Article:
Looking to start a new Spring tradition? Learn how to make maple syrup

Sugar Maples

The Basics:

Sugar Maple, Acer saccharum

​60-75′ Height and 40-50′ Spread

Full Sun

Beautiful red/orange foliage in Fall

Deciduous Tree

How to identify a Sugar Maple?
  1. 5 lobes on leaf
  2. U-shaped  margins between points

3.Opposite branching and paired buds

(Exception: Ash & Dogwood)

  1. Narrow and sleek twigs with reddish brown pointy buds
  2. Horseshoe shaped fruit with a paired structure resembling two small peas fused together
Can I tap other types of Maple trees if I don’t have sugar maples?

Yes. The sugar maple contains the highest concentration of sugar, therefore it will always be the #1 option, but other maples that are commonly tapped include the silver, black, and red maple. If you are going to tap a maple tree and it is not a sugar maple, make sure to do a little more research! Budding times and other factors can vary drastically.

When to tap?

Late winter or early spring. It all depends on temperature. Sap starts to flow when days are consistently above freezing and nights are below freezing. The drastic temperature changes create a pressure which starts the flow of sap! Heaviest flows are typically late February to mid March. The sap is no longer good once the trees start to bud.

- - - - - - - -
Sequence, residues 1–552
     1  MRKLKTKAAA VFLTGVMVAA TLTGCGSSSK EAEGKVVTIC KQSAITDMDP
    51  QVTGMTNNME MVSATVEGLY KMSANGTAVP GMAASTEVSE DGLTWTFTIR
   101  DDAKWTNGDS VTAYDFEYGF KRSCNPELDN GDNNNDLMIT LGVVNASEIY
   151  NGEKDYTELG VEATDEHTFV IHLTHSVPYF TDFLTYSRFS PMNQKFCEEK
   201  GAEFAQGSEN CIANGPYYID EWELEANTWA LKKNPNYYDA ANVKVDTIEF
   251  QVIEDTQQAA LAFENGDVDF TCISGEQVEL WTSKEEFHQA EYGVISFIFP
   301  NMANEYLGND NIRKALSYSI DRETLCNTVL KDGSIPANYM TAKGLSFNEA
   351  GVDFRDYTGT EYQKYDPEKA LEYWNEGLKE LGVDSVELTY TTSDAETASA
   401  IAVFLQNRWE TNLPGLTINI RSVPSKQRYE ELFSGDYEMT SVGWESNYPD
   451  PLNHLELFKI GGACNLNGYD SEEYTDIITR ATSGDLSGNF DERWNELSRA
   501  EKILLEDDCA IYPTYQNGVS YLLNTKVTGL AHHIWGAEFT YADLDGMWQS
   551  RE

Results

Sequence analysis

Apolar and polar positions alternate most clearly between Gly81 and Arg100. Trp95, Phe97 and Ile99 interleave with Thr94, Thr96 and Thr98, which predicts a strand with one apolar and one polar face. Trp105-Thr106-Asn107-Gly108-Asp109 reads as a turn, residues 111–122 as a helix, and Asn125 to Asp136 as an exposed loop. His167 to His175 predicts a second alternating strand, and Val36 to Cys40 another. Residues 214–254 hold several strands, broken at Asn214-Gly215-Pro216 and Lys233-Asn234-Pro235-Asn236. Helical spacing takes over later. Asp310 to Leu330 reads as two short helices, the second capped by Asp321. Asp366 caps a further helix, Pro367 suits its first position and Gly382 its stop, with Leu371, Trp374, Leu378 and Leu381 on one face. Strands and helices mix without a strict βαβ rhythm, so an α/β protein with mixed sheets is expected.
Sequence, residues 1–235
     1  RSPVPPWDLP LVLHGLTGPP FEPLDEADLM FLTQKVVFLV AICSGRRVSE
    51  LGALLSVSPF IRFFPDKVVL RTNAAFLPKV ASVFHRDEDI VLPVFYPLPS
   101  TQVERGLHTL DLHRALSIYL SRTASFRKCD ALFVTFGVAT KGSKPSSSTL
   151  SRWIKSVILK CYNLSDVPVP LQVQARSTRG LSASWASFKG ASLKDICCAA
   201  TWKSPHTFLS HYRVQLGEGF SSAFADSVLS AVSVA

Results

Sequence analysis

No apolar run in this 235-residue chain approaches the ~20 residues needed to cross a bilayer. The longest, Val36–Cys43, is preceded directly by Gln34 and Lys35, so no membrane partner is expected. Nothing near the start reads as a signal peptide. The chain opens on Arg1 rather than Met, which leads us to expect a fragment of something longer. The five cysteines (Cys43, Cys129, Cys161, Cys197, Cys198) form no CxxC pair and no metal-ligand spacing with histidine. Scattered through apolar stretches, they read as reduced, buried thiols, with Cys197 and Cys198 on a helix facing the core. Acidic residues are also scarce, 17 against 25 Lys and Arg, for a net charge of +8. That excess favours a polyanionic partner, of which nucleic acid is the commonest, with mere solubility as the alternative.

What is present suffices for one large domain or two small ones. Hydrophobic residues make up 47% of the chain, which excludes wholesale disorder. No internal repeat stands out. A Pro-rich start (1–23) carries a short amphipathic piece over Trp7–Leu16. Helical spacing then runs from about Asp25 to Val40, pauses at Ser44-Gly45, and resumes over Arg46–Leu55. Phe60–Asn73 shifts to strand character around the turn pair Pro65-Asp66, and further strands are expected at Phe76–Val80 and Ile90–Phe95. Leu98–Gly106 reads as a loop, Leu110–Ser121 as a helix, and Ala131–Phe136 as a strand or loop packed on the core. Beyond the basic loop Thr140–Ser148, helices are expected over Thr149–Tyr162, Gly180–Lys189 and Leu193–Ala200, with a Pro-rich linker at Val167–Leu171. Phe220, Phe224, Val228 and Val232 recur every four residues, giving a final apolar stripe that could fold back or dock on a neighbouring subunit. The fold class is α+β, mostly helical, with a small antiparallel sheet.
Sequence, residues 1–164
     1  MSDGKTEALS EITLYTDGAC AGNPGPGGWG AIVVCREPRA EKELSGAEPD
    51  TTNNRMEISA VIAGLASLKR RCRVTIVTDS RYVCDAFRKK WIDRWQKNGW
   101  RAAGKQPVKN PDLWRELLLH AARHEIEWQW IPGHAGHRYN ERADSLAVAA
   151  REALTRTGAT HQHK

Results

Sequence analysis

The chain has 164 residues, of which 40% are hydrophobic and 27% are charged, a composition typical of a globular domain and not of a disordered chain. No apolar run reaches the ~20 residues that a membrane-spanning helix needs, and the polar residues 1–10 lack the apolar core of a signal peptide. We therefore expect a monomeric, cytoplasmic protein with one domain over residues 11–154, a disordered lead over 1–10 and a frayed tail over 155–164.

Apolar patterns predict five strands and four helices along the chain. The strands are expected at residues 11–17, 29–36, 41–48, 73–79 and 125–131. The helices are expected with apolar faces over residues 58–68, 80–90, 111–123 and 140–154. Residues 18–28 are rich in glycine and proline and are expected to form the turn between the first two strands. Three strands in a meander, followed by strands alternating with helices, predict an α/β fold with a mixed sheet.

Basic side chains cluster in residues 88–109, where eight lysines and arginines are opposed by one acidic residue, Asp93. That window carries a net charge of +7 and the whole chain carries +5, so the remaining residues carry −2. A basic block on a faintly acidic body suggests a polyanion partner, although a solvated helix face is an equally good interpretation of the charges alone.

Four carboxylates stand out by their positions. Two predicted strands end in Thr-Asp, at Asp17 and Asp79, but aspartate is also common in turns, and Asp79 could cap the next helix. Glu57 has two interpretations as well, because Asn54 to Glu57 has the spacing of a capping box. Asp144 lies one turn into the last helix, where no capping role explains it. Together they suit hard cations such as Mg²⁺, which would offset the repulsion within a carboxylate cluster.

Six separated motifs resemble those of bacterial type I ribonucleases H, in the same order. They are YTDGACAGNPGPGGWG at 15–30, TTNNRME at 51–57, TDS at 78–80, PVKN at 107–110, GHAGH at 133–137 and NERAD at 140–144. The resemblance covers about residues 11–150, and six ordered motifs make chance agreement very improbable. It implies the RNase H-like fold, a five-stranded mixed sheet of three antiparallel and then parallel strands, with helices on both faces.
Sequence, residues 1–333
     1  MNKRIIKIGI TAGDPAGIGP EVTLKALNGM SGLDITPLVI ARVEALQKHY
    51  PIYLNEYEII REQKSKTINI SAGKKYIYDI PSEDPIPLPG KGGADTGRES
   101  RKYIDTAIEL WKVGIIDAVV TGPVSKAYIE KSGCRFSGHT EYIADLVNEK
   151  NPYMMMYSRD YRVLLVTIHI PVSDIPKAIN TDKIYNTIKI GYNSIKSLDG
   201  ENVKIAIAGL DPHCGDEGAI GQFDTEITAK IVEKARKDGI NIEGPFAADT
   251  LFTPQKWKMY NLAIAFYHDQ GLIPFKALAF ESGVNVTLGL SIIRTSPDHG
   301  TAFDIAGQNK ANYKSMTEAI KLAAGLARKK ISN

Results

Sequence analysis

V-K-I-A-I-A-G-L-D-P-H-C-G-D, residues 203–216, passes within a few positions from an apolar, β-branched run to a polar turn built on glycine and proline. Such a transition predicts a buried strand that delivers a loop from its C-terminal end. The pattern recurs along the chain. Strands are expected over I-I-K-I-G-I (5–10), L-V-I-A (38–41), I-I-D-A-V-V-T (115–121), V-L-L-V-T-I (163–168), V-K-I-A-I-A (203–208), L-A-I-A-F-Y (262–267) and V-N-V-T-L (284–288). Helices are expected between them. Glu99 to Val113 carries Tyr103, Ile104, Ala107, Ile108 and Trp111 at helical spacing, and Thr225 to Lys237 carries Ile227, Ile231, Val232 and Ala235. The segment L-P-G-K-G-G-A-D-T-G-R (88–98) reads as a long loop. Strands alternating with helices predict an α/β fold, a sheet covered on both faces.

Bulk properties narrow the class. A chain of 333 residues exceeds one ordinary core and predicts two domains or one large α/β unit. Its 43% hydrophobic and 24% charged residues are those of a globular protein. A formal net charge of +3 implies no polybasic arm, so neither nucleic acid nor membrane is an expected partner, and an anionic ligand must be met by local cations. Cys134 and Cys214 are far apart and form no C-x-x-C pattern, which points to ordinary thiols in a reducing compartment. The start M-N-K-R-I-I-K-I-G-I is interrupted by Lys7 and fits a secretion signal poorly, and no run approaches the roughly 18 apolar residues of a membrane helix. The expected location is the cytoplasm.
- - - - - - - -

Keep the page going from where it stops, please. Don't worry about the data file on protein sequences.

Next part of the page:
How does the process work?

For every 40 gallons of sap collected, one gallon of maple syrup is made! The process is quite simple. You boil down the sap typically over a wood stove until it reaches 219 degrees Fahrenheit. There are methods that can speed up the process like reverse osmosis systems. This step directly separates the water out of the sap leaving you with higher concentrated sap before boiling. It can reduce boiling time by 60-75%.

What equipment do I need?
  1. Plastic or metal buckets
  2. Taps
  3. Drill
  4. Hammer
  5. Large pan or bucket for boiling
  6. Wood stove or other source of heat
  7. Candy thermometer


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